As I bent over my desk, my mood sank towards misanthropy. What would happen, I wondered, if I filled out these forms honestly? First: Say how long you have known the applicant. There were few whom I could claim to know at all, in any serious sense of the word, for I saw them only in seminars. In what capacity do you know him/her? As a teacher; why else would I be filling in this form? Of the students you have known in this way, would you rank the applicant in the first five per cent — ten per cent — twenty-five per cent? Well, my dear grantor, it depends on your standards; most of them are all right, in a general way. Aha, but here we get down to cases; Make any personal comment you consider relevant. This is where a referee or resource person is expected to pour on the oil. But I am sick of lying.

So, after an hour and half of soul-searching, I found that I had said of one young fellow, He is a good-natured slob, and there is no particular harm in him, but he simply doesn’t know what work means. Of another: Treacherous; never turn your back on him. Of a third: Is living on a woman who thinks he is a genius; perhaps any grant you give him ought to be based on her earning capacity; she is quite a good stenographer, with a B.A. of her own, but she is plain and I suspect that once he has his doctorate he will discover that his affections lie elsewhere. This is a common pattern, and probably doesn’t concern you, but it grieves me. Of a young woman: Her mind is as flat as Holland — the salt-marshes, not the tulip fields — stretching towards the horizon in all directions and covered by a leaden sky. But unquestionably she will make a Ph.D. — of a kind.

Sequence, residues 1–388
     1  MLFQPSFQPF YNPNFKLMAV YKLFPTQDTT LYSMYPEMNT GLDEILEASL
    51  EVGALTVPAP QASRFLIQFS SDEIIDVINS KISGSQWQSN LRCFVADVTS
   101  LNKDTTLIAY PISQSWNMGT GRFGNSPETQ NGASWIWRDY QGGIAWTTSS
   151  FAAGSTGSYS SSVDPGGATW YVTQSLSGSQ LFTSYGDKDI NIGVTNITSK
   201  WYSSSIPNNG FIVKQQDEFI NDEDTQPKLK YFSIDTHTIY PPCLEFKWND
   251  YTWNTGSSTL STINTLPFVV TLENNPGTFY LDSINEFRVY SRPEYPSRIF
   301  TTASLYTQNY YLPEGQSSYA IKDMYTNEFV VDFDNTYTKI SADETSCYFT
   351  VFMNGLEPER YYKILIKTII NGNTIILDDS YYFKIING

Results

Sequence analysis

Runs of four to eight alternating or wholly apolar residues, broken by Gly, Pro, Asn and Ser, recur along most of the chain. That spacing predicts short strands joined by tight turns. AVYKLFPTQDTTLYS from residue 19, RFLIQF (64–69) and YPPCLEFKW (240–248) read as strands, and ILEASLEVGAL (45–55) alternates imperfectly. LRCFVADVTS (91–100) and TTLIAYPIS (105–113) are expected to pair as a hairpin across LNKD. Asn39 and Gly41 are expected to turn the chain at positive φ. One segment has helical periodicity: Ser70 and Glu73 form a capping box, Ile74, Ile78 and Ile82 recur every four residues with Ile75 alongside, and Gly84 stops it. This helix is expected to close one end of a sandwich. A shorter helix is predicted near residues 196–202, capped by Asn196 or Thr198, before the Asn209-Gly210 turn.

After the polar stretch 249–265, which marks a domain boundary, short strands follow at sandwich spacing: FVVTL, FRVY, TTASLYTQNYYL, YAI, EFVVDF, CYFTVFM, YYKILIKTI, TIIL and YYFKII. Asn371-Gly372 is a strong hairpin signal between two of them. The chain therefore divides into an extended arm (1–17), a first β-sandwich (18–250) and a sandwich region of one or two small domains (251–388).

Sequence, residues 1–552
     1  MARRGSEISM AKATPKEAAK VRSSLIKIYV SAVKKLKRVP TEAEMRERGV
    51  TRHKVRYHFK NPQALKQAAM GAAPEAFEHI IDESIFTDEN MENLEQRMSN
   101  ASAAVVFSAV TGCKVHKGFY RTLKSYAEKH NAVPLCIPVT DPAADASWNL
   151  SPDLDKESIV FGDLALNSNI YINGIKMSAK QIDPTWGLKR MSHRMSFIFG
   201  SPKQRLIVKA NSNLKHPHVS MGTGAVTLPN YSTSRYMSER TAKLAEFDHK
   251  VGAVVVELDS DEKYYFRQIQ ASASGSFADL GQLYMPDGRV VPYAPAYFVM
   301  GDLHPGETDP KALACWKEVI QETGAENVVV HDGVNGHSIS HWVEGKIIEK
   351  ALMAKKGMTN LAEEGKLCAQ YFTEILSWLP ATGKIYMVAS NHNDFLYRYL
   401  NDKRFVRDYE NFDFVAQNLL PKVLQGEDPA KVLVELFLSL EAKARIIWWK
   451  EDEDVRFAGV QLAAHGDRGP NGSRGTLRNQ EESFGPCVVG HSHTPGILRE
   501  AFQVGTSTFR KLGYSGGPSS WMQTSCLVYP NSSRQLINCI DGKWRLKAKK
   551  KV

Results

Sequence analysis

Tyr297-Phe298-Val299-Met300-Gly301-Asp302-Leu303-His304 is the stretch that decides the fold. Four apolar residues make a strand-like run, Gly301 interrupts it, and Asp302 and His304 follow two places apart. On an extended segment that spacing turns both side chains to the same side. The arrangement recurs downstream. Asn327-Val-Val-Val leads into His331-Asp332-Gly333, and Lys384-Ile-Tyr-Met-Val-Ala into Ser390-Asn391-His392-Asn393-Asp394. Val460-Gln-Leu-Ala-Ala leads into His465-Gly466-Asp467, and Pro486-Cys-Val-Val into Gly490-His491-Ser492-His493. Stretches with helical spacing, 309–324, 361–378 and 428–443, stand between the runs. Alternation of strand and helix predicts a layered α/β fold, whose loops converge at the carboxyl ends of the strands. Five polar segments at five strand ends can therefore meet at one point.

Having completed this Slaughter of the Innocents — innocent in their belief that I would do anything I could to get them money — I hastily closed the envelopes, lest some weak remorse overtake me. What will the Canada Council make of that, I won­dered, and was cheered by the hope that I had caused that body a lot of puzzlement and confusion. Tohubohu and brouhaha, as Maria loved to say. Ah, Maria!